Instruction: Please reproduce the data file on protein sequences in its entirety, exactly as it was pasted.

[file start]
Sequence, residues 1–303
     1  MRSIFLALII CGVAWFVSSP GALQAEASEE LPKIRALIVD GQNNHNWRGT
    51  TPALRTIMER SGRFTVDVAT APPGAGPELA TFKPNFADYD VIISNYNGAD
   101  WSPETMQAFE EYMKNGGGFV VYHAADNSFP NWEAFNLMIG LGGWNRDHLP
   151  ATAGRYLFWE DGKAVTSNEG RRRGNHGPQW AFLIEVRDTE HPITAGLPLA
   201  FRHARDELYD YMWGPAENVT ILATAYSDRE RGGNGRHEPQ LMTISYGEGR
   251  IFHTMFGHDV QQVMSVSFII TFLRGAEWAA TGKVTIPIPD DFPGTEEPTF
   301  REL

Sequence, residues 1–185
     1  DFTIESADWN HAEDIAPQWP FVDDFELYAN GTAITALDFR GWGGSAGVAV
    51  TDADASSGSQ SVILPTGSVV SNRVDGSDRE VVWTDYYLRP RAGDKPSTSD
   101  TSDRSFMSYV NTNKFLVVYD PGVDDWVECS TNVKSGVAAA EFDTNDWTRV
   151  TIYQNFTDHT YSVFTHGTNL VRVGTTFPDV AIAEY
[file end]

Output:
Sequence, residues 1–303
     1  MRSIFLALII CGVAWFVSSP GALQAEASEE LPKIRALIVD GQNNHNWRGT
    51  TPALRTIMER SGRFTVDVAT APPGAGPELA TFKPNFADYD VIISNYNGAD
   101  WSPETMQAFE EYMKNGGGFV VYHAADNSFP NWEAFNLMIG LGGWNRDHLP
   151  ATAGRYLFWE DGKAVTSNEG RRRGNHGPQW AFLIEVRDTE HPITAGLPLA
   201  FRHARDELYD YMWGPAENVT ILATAYSDRE RGGNGRHEPQ LMTISYGEGR
   251  IFHTMFGHDV QQVMSVSFII TFLRGAEWAA TGKVTIPIPD DFPGTEEPTF
   301  REL

Sequence, residues 1–185
     1  DFTIESADWN HAEDIAPQWP FVDDFELYAN GTAITALDFR GWGGSAGVAV
    51  TDADASSGSQ SVILPTGSVV SNRVDGSDRE VVWTDYYLRP RAGDKPSTSD
   101  TSDRSFMSYV NTNKFLVVYD PGVDDWVECS TNVKSGVAAA EFDTNDWTRV
   151  TIYQNFTDHT YSVFTHGTNL VRVGTTFPDV AIAEY